• Tags: Did you know there are certain tags you should be using to gain more followers?  Sites like #TagsForLikes give you the lowdown on the best tags to use for your pics.  Not only that, but under the “Entertainment Tags” link, they list the perfect tags for books.
  • Apps:  #TagsForLikes has an app you can use so you can appropriately tag your pics straight from your phone.  Plus there are other apps like PicStitch (allows you to make and publish picture collages to Instagram) and Repost (useful for reposting photos published by other Instagrammers).  Some of the most useful apps (in my humble opinion) are ones that deal with text.  Apps like Textcutie allow you to add text to your photos while others like PicsArt and Textgram lets you design an actual text image – useful tools when wanting to send out a message via Instagram about your book.  As for helpful online applications, Statigram allows you to access and manage your account right from your computer!
  • Followers: Networking through Instagram can be as simple as following your favorite bookstore and commenting on their pics.  You never know where striking up a conversation may lead – perhaps your book on their shelves or a hosted giveaway for your novel.
  • Contests:  I haven’t hosted an Instagram contest yet, but I’ll definitely be brainstorming one when my novel comes out early next year.  Instagram contests not only spread the word about your book, but can help boost your following.  And the text apps play perfectly into these because you can add a few contest deets to your pics or even a specified hashtag potential entrants must post in order to enter.  Here’s a little contest inspiration to get your gears turning!

So I’ve practically written a novel about Instagram, and I’ve only hit the tip of the iceberg.  Let us know how you are using Instagram to promote your literary awesomeness in a comment below!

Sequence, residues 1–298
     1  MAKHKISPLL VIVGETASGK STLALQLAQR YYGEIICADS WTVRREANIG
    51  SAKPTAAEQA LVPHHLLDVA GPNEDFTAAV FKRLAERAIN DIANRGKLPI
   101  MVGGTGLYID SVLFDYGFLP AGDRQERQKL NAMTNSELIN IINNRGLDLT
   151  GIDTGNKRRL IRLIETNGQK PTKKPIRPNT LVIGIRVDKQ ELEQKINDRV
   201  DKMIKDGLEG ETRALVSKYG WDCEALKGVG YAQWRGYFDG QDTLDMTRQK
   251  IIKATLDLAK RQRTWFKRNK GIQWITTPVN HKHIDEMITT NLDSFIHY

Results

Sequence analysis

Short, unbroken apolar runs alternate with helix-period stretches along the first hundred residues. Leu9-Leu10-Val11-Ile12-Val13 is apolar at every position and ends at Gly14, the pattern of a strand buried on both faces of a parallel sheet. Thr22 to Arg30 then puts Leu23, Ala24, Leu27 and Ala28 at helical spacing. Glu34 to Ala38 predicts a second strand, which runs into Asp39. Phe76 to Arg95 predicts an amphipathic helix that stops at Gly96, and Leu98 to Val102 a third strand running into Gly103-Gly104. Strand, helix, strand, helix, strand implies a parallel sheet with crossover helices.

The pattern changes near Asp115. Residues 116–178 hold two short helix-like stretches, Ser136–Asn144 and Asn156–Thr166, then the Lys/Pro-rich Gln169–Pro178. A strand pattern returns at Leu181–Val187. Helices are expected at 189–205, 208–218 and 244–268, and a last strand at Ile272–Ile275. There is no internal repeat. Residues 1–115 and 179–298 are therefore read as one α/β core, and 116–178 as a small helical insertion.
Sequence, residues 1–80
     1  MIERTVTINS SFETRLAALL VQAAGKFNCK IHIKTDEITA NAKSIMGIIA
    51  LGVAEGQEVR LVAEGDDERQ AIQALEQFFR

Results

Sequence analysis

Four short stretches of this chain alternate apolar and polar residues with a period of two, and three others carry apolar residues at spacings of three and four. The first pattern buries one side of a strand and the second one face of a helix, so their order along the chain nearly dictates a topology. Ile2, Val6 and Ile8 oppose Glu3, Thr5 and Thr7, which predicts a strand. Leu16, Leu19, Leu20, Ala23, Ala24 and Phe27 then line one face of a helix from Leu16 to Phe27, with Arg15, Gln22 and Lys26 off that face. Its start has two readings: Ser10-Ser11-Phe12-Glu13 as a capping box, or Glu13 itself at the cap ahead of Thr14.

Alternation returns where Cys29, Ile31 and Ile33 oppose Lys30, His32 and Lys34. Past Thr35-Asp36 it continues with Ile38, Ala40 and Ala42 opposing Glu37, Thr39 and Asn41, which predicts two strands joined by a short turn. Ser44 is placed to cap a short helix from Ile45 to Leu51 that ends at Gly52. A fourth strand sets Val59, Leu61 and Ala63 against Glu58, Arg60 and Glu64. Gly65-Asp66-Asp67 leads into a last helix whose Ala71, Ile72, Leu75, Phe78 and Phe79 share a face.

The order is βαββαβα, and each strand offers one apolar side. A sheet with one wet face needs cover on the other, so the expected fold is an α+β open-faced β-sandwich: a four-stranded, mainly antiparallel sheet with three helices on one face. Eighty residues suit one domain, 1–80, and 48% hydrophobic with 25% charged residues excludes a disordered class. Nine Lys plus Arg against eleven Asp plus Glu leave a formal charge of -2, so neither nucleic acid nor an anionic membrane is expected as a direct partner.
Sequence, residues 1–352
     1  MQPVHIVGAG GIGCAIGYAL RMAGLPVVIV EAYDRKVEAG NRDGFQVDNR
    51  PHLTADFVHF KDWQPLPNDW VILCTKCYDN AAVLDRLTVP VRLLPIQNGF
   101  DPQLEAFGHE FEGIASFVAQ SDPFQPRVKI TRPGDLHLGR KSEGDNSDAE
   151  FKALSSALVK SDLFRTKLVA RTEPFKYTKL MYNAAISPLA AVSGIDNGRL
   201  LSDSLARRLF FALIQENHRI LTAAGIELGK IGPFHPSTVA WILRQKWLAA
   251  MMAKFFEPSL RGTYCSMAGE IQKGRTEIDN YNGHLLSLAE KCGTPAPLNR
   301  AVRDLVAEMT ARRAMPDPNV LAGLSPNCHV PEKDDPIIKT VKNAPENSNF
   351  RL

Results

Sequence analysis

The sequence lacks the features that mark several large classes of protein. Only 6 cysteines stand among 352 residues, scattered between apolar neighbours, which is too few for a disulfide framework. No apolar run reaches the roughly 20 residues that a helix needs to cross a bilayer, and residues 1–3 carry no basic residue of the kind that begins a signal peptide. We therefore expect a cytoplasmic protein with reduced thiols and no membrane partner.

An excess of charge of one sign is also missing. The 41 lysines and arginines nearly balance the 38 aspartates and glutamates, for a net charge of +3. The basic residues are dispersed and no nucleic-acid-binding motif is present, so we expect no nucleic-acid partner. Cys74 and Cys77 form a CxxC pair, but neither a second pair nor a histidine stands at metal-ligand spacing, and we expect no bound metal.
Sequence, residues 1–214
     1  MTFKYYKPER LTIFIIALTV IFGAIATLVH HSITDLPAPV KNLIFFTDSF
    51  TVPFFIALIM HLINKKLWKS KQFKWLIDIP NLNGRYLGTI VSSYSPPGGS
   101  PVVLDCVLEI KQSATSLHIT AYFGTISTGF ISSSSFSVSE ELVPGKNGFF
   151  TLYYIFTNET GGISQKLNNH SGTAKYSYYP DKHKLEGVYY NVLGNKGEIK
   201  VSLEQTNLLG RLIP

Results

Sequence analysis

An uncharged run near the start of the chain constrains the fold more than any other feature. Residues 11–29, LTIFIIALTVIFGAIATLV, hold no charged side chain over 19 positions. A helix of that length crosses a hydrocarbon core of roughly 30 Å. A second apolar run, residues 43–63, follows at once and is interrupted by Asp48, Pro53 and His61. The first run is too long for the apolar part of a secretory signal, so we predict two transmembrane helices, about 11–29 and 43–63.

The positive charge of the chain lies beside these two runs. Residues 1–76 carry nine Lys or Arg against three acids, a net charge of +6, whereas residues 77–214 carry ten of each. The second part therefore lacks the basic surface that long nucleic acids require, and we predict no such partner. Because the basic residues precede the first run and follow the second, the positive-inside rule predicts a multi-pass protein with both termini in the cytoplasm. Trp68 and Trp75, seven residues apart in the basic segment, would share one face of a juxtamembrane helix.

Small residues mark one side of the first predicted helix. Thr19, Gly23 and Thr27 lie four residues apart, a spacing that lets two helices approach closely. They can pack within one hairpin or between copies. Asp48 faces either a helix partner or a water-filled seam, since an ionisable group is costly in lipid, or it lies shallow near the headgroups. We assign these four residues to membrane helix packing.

The “M” Word


There’s a fine balance between writing and marketing yourself.

Actually for me, there’s hardly any balance at all.

I think I talk about myself too much.  Scratch that.  I KNOW I talk about myself too much, but I do it because I’m conditioned to.

I started a new Facebook page and now I have another pothole to fill up with Ericka goodness when I all want to do is write and take a nap and nap and write a little and then maybe see my family and let my dogs outside to piss.

So here’s what I’m going to allow myself: a cozy little room on the Internet.  This space, the FB, the twitter, and all the other noise I’m churning out on a daily basis doesn’t have to be gargantuan.  It can be small and warm and reflect me perfectly without boasting five different floors.  The windows can be dirty, the tile cracked, as long as it contains my honest heart.

I’ve created a beautifully crafted Internet house for myself, practically a mansion, with Tipsy Lit.  It’s bigger than anything I ever thought possible and seems to be growing every day.  And when I think of building my brand as an author to, at the very least, rival what I (and countless others…believe me) have done with TL, I get exhausted and cranky and want to make that nap thing happen as fast as humanly possible.

I’m tired of talking about myself.  Sometimes, I’m tired of myself in general.  So what I want to offer are my stories, my beautifully broken characters.  Letters and lines mouthed into sounds that have nothing to do with me.

Because frankly, I’m tire of the “m” word.